Voices from the Idaho EdNews Community

Let’s elect someone who wants quality education for all Idaho’s children

Rodd Rapp

Idaho’s public education system narrowly escaped some dramatic damage this legislative session: the relentless push for school vouchers. These government-funded private school scholarships divert taxpayer dollars away from our local schools while benefiting the wealthiest families in our state.

As a former member of the Bonneville School District Board of Trustees who should understand the dangers of vouchers, it is disappointing that Rep. Wendy Horman is a champion of said vouchers. Horman’s website clearly states that “Wendy is a passionate advocate for Idaho’s children to receive a quality education.” Just perhaps, not all of Idaho’s children.

School vouchers claim choice and flexibility, but their track record tells a different story. In state after state, they’ve led to ballooning costs, failed to improve academic achievement, and lacked accountability for taxpayer funds. Instead of addressing the pressing needs of our local schools, they primarily benefit students already enrolled in private schools. When the Arizona legislature passed their voucher law, proponents said it would cost $33.4 million in the first year and $65 million in the second year. Instead, the cost of the universal program skyrocketed to $550 million the first year and more than $800 million this school year.

Gov. Little called out the need for billions of dollars to address Idaho’s crumbling public school buildings in his State of the State address. His plan was in response to a 2022 report from the Office of Performance Evaluation showing nearly 60 percent of district leaders described their school condition as “fair” or “poor.”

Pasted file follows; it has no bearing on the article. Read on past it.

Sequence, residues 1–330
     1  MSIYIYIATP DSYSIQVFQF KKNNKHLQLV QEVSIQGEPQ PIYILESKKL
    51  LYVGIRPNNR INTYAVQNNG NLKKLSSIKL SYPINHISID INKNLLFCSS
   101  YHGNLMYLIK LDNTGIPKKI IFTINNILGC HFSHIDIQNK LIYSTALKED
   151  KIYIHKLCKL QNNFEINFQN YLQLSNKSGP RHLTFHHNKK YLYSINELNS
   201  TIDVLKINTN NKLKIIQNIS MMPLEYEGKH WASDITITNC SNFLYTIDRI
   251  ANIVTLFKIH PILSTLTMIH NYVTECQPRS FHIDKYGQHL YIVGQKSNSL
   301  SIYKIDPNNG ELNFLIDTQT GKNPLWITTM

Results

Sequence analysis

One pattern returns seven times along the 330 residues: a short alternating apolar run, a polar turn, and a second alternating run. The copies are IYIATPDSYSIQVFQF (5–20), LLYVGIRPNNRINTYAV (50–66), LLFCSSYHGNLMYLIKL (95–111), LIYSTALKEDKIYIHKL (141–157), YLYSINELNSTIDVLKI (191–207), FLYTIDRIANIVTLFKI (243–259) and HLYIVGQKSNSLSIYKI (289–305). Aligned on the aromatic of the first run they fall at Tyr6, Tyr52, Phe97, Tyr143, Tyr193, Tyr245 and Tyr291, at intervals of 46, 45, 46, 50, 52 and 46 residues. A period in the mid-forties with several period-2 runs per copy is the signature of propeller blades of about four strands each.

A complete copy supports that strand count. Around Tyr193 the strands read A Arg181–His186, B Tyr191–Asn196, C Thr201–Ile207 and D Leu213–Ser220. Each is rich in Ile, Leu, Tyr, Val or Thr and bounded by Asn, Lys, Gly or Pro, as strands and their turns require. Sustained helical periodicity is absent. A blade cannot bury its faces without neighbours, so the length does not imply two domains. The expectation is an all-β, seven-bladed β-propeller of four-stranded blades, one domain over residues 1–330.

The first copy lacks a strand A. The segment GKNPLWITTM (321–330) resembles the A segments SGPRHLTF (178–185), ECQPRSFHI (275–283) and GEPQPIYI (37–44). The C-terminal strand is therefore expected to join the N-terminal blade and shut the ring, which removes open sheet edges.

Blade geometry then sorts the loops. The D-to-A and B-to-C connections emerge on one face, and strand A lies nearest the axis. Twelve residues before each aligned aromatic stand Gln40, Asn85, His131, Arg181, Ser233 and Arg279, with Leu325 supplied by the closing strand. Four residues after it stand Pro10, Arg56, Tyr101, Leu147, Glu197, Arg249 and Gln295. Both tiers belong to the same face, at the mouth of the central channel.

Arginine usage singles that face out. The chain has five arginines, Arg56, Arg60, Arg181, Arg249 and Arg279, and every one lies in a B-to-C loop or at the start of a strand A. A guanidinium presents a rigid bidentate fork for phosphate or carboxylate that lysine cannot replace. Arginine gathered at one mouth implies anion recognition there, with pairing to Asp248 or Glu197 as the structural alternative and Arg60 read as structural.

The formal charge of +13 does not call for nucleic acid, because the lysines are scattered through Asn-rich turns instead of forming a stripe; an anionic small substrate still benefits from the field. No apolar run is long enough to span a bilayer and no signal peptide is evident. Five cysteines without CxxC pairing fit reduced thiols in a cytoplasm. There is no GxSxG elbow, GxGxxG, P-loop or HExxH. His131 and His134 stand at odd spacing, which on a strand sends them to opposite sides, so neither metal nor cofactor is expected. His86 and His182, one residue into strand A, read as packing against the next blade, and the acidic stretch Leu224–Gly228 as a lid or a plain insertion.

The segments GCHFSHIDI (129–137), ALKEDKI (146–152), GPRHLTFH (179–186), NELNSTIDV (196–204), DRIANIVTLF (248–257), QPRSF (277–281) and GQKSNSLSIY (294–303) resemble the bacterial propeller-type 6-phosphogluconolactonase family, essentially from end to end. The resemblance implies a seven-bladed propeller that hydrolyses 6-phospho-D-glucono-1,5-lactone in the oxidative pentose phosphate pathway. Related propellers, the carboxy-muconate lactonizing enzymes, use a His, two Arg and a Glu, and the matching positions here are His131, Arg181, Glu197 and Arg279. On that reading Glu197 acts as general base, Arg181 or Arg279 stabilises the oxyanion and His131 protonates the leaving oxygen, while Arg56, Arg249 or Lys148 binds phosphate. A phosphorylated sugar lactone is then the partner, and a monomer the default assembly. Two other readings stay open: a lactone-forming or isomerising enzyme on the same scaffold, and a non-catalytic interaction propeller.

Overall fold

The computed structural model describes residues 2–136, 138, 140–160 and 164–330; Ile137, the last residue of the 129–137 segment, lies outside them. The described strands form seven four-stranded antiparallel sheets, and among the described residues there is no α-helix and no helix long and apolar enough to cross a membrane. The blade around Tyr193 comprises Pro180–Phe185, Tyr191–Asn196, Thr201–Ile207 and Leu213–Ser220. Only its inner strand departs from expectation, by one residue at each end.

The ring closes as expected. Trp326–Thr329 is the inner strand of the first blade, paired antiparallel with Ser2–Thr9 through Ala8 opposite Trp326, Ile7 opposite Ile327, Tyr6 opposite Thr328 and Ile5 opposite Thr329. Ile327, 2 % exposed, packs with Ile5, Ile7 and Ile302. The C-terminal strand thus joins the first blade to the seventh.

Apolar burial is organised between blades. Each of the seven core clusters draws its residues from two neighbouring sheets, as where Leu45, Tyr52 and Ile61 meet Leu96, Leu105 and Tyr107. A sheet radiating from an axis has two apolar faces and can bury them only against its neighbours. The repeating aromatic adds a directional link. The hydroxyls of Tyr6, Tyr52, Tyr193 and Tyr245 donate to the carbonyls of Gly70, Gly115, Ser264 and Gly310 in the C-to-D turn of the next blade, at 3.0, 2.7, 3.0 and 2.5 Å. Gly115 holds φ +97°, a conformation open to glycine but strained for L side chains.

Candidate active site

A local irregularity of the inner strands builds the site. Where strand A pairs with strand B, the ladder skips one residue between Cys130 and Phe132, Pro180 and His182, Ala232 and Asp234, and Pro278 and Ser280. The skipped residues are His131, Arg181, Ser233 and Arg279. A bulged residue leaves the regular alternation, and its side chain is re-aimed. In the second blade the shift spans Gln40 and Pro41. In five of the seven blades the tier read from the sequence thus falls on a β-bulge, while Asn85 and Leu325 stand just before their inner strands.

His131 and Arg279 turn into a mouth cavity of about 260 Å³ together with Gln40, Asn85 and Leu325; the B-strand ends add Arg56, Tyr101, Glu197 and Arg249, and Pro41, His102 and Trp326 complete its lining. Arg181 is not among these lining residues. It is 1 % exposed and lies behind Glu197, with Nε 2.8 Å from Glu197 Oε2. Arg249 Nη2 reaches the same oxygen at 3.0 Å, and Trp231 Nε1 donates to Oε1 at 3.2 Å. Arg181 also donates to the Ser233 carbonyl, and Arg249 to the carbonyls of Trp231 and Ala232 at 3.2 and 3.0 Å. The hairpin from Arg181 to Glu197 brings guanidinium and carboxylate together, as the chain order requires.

So with the option to address safe and hospitable learning environments, or put money back in the pockets of Ada County’s wealthiest families–Horman spent her energy on the latter. Unfortunately this suggests a loyalty to party elites and the Capital city than neighbors and constituents in Idaho Falls.

If you don’t have children in the public school system, don’t worry, this affects you too. State education budgets directly affect your taxes, quality education influences abilities of future employees, and it’s directly connected to the overall success of the community you live in.

While the legislative session has closed for the year, the threat looms large for 2025 as the lawmakers who support vouchers remain comfortably in their legislative seats. Plus out-of-state interests and PACs like the American Federation for Children are sinking funds into pushing issues. What’s worse–education is simply one topic where our elected leaders disregarded the will of their voters.

Thankfully, for voters of the greater Idaho Falls area, it’s an election year.

Given these significant drawbacks, it’s crucial that we advocate for legislative change. May 21 is the Republican Primary–arguably the most important election of the year since it will determine candidates that are supposed to be the voice of their community at the statehouse. Primaries are where decisions are made, where accountability matters most.

Rep. Horman is being challenged in her seat by fellow Republican Sean Colleti–the much loved Mayor of Ammon. Mayor Sean has shown that he actually does want to enhance local education, support small businesses and make sure our voices are listened to in the legislative process. As the father of school-aged children, Coletti understands the importance of investing in our public schools and ensuring that every child has access to a quality education.

I encourage my fellow district 32 voters to read up on the legislative candidates. As you do, decide which person is going to truly prioritize education, share values with their voters, listen to their constituents, and build a brighter future for all Idahoans. My vote will be reserved for Sean Coletti.

Rodd Rapp

Rodd Rapp

Rodd Rapp is a longtime Idaho Falls educator and retired School Achievement Specialist at Bonneville Joint School District and currently serves as the Instruction and Curriculum Specialist at Monticello Charter School.

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